Most states have at least three health insurance carriers offering product options, BCBSA study finds

In 2016, consumers in most regions of the country still have multiple options from which to select a health insurance plan, but the types of health plans being offered are changing. That’s according to a study by the Blue Cross Blue Shield Association (BCBSA) that shows the types of health insurance choices consumers have had through the Patient Protection and Affordable Care Act (ACA) marketplaces from 2015 through 2016.

The study, The Evolving Affordable Care Act Marketplaces: The 2015 to 2016 Transition, shows, for example, that the share of health maintenance organization (HMO) and exclusive provider organization (EPO) products offered on the marketplaces increased from 41 percent in 2015 to 52 percent in 2016. In addition, the lowest cost silver plans in 46 percent of all counties in the U.S. were HMO products in 2015 compared to 57 percent of counties in 2016.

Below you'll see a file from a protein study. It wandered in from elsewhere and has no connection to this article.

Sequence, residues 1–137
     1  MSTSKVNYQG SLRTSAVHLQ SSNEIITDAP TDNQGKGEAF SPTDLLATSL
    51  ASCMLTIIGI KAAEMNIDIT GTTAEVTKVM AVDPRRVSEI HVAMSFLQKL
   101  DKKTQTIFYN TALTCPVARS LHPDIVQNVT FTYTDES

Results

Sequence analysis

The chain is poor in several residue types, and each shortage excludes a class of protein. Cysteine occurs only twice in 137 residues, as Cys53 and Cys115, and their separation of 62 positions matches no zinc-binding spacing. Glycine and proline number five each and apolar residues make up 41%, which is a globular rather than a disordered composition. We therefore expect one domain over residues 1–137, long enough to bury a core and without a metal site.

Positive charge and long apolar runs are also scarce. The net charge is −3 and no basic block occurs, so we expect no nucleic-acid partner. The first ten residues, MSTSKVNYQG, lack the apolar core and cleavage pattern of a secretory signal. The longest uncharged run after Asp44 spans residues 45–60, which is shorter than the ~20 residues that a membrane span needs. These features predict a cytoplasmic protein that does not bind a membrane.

Price differentials for the same types of health plans are narrowing, according to the report. In 2014, more than 29 percent of counties had the lowest cost silver plans priced more than 10 percent less than the next lowest competitor’s option. In 2015, that number dropped to less than 5 percent, and in 2016, only 1 percent of counties had this large of a price differential between the two most affordable silver plans.

“With the ACA now in its third open enrollment period, insurance carriers are applying more data – including the actual health care costs of newly-enrolled members – to design offerings that more accurately meet the needs of consumers in this new market,” said Maureen Sullivan, chief strategy officer and senior vice president of strategic services for BCBSA.


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